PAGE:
Thursday, June 17, 2010

OCD and Embracing the Grey Areas

I realized something this week about my OCD that I've never noticed before. I'm uncomfortable with grey areas.

It's true in so many ways: I fear that I've done something wrong, and strive to always do right. I'm obsessed with knowing; not knowing is bad, and knowing is good. I want to know that something either will never happen, because the only other option is that it absolutely will. (I'm over-simplifying in every example, but at the core of nearly every issue is tension between extremes.)

If, after assessing each issue in question I fall on the less-desirable side of the grey, I have to do whatever it takes to traverse the expanse. When I can't, I'm wracked by anxiety. If I've done something wrong, I have to apologize and try to make it right. Sometimes I even try to reverse what I've done. If I don't know something, I feel guilty out of some obligation to know. And we all know what happens when a person with OCD has trouble with the uncertainty that a worst fear may come true.

To further complicate things, I'm impatient. I can't wait to decide that something falls on one side of the grey area or the other.

This impatience comes out in the real world, too (vs. the world of fear inside). Say I'm waiting for a boss to make a decision. Is he going to decide that we're going to take this job, or not? If we are then I have to start working right away because the deadline is approaching. If not then I can do other work. I'm either all in, or I'm moving on.

There's a responsibility issue all wrapped up in this, too. Something is either all my fault, or I'm 100% in the clear. Say I'm driving to work. I see a man coming out of the woods. What if he just got done burying a body? If I don't say something then when the murder is uncovered, the death will be all my fault.

I thought about it wonderment and asked why this hasn't come to me sooner; it would be the perfect exposure to practice in my GOAL group, but I'm not even sure I know how to approach it.
People aren't all good or all bad. There is such thing as only half getting it. The very antidote to fear is living in the grey area. Any ideas for helping me see that?


If you have any ideas for exposures to tackle the discomfort of grey areas, post them here! If you don't know what an exposure is or are new to OCD and ERP, a good place to start is wikipedia, with the search term "exposure and response prevention."


  1. YES! I think we all struggle with this. OCD is very black and white for me. There is no "small risk" - it's either entirely safe, or entirely not. I posted a few quotes in myblog sidebar that might speak to you, as mostly they are about my feelings on certainty (or lack thereof) and taking risks.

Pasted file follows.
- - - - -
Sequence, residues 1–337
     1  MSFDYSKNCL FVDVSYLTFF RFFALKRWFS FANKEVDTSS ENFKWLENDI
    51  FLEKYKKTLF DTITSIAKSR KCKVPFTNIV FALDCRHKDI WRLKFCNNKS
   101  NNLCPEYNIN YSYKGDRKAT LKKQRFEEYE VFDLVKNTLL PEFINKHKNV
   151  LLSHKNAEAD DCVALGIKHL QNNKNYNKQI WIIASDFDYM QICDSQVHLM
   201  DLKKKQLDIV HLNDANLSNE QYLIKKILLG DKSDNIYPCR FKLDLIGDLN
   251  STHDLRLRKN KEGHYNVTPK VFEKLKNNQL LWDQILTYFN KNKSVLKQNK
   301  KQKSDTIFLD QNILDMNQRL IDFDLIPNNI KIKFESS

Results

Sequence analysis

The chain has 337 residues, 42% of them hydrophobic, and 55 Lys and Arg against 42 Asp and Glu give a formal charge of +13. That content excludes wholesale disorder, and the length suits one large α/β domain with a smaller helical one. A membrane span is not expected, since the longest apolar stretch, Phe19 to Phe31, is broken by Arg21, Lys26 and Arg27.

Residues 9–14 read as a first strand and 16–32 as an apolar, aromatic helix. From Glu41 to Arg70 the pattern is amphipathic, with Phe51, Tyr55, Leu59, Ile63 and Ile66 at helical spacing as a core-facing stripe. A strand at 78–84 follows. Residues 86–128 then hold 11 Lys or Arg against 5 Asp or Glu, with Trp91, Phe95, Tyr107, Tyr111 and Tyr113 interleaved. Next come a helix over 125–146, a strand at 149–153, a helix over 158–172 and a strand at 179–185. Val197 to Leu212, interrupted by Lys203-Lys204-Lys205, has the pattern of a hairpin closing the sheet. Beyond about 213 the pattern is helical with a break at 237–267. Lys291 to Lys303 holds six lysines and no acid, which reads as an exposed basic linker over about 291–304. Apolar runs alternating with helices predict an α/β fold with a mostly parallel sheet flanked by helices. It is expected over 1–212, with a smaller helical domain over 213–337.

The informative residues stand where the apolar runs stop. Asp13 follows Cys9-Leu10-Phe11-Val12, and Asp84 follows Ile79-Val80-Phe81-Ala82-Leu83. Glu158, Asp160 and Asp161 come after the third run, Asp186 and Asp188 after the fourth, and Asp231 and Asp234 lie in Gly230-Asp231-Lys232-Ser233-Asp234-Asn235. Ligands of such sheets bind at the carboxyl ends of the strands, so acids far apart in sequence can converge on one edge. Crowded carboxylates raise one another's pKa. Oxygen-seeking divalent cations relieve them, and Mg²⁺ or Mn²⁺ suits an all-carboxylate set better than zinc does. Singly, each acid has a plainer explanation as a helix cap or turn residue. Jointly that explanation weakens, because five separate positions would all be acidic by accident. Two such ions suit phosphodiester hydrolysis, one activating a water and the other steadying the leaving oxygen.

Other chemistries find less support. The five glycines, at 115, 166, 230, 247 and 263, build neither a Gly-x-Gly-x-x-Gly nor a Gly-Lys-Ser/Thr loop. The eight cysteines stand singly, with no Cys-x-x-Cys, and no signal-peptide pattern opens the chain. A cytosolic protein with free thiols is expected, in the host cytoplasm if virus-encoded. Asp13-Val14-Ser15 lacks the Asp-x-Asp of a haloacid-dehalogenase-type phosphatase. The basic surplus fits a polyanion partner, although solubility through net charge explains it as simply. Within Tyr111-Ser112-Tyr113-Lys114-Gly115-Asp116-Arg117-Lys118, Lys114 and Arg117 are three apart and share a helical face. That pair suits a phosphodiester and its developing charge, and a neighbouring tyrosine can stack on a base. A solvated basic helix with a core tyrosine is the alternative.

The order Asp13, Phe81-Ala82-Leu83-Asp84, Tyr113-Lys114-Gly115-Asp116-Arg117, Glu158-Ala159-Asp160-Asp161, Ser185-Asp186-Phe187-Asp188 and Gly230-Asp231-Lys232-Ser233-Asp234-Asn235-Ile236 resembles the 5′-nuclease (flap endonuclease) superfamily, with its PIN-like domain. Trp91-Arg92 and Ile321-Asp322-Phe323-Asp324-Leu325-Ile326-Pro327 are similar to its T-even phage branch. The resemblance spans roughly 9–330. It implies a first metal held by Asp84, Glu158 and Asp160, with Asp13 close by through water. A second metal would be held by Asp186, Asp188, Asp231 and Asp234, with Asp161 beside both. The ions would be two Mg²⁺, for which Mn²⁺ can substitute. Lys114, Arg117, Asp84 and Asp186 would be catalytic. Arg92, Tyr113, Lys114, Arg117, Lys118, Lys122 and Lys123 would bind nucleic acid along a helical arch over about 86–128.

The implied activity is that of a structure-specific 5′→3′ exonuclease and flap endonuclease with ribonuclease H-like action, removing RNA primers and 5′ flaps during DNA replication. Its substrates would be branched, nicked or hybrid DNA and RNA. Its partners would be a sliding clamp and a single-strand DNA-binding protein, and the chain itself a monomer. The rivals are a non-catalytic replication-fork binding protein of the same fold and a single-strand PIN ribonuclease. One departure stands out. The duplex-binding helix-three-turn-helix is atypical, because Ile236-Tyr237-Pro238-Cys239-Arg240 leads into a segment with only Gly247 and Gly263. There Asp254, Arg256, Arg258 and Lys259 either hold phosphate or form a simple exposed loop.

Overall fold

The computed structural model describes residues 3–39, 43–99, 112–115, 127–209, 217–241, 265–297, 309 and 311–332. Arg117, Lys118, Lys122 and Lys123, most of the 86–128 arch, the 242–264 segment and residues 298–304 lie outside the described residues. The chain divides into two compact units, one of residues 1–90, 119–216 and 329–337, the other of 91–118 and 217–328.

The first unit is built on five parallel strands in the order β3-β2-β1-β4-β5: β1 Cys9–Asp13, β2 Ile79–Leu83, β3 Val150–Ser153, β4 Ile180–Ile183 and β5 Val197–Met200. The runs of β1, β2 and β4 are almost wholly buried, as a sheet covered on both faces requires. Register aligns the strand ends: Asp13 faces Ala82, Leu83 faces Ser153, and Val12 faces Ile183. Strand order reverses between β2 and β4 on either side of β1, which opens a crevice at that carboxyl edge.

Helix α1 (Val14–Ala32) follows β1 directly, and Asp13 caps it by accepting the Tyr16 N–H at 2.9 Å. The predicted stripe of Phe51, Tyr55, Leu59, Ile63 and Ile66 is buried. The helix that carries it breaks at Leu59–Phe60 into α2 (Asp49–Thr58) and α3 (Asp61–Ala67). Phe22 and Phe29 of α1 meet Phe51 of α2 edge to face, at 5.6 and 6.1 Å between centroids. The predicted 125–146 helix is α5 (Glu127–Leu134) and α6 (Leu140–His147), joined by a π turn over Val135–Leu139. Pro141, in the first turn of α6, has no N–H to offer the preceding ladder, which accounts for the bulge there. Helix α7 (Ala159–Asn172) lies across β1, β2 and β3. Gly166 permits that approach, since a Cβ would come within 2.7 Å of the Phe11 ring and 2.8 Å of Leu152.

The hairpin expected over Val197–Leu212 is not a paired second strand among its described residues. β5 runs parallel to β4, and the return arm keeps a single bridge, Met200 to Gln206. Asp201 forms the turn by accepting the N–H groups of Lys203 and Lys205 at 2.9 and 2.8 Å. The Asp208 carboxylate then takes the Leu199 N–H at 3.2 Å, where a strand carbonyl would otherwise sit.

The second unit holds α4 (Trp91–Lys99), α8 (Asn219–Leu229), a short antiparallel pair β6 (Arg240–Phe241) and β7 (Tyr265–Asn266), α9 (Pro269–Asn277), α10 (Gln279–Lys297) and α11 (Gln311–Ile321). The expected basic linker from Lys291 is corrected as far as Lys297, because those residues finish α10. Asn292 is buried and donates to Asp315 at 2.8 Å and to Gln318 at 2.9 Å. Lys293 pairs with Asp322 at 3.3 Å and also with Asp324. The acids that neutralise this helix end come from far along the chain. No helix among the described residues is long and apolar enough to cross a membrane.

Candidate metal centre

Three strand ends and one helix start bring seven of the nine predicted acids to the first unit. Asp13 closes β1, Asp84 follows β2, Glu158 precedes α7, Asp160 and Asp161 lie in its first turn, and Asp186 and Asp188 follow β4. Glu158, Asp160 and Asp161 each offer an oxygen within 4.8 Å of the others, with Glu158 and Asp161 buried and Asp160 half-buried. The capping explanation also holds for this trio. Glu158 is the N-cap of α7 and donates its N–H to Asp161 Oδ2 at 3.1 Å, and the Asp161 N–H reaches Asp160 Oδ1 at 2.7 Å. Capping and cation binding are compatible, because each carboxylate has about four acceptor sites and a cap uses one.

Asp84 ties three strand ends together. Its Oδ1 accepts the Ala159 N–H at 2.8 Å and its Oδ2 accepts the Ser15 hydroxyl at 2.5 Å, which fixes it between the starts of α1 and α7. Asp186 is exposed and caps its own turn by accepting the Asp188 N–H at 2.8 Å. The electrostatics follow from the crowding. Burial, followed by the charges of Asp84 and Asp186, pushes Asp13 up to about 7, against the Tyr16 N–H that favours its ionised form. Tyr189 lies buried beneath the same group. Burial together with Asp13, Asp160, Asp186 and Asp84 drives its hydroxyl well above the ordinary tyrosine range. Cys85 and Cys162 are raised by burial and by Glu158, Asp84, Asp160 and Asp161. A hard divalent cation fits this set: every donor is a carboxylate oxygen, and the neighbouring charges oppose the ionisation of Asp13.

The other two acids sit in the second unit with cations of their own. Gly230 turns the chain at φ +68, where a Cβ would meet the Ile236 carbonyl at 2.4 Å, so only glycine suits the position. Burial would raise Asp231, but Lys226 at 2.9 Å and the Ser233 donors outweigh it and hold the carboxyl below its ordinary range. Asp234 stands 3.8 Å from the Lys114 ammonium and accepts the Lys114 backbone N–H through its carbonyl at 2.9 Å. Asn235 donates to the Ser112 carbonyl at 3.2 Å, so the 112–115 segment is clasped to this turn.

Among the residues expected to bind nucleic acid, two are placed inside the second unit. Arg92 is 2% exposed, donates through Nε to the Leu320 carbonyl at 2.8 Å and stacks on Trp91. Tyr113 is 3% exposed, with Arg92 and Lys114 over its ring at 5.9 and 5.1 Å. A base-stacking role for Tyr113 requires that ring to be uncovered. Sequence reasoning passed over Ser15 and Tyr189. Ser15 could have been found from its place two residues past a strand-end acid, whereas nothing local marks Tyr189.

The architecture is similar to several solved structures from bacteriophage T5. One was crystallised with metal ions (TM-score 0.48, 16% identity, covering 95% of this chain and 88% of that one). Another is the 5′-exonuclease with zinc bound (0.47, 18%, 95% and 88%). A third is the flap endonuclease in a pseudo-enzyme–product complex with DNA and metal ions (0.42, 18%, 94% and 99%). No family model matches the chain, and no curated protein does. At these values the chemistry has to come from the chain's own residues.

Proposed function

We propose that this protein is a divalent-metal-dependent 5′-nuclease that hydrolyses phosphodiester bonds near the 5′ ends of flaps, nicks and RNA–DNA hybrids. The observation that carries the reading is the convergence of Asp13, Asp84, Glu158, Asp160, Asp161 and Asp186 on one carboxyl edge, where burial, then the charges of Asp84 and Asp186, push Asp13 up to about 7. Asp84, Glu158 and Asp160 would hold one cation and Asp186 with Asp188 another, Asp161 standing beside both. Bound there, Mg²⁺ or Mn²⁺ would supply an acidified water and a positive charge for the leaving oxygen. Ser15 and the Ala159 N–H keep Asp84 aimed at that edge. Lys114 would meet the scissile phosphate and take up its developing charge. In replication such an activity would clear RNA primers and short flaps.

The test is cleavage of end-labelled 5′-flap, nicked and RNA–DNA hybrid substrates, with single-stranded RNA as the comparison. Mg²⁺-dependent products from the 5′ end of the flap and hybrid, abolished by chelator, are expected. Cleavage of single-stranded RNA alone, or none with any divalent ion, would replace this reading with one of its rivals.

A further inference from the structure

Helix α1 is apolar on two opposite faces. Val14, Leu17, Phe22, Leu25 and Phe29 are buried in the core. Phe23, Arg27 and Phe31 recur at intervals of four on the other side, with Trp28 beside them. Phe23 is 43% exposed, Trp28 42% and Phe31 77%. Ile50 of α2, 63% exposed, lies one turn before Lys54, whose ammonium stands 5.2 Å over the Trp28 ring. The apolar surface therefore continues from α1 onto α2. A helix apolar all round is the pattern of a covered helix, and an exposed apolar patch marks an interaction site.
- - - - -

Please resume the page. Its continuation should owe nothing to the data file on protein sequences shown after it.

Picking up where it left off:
Simply, accepting risk is part of getting better. It is part of life, for that matter. Nothing is 100% guaranteed. Drives me nuts, to be sure, but it is what it is. Habituation and ERP, that is the only way around uncertainty that I know of. Sit with it. Wait it out. Do not feed the OCD. It will not just get hungrier, it's appetite will ease and your strength will grow.

  2. One exposure I've done is writing a script about how I can't really know for sure if I've made the right decision, but that I am going to keep living my life instead of freezing waiting to find out, and then I recorded it and listened to it frequently.

    Doing a coin flip for a decision at least once a day was a helpful exposure--because the random choice might not be the 100% right one, and I get a chance to habituate to that rather than doing my ritual of analyzing &researching everything for complete certainty.

    I struggle with believing I must know things in advance and omnisciently, and exposures usually consist of taking my "best guess" rather than researching.

  3. Expwoman, YES! I love your coin flip idea. I'm doing that. My approach to decision-making was to make myself conscious of the decisions I make, but I like this better.

    Regarding your best guess, how to you limit yourself? Does time determine how long you give yourself to figure something out?

  4. Glad the coin flip sounds helpful--it really pushed me into the gray area much faster than my usual analysis. With my "best guess" sometimes I give myself a time limit. It's important for me to frame the time limit as "get the decision done" not "use every last bit in order to make the right decision"--if I feel a bit riled up when the timer dings, that's a signal to make the decision, not keep going with my analysis and "figuring out." I went 3 months researching something I wanted to order, and finally, one of my first exposures was setting a time limit to make an order--I think it was an hour--it was hard, but also thrilling that I actually ordered SOMETHING!!!